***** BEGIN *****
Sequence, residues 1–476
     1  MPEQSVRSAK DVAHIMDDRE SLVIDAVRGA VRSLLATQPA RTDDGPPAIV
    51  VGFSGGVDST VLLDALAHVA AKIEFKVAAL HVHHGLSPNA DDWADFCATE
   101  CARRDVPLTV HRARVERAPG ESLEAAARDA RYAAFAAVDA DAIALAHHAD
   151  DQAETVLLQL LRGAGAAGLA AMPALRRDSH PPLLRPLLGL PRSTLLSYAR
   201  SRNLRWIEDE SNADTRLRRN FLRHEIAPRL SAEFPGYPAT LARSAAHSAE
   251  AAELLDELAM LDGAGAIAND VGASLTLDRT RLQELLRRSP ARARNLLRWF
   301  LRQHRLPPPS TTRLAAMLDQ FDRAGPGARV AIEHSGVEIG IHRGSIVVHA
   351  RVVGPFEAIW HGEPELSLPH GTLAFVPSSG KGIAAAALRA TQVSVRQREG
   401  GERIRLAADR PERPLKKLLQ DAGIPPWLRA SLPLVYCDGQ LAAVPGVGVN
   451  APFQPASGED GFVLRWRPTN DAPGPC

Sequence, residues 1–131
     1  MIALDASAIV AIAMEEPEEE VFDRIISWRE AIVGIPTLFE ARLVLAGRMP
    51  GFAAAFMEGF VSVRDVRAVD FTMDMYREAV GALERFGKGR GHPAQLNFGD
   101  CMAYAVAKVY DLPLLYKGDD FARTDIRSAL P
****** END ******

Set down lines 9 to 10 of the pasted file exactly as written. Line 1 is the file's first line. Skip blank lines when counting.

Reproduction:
   351  RVVGPFEAIW HGEPELSLPH GTLAFVPSSG KGIAAAALRA TQVSVRQREG
   401  GERIRLAADR PERPLKKLLQ DAGIPPWLRA SLPLVYCDGQ LAAVPGVGVN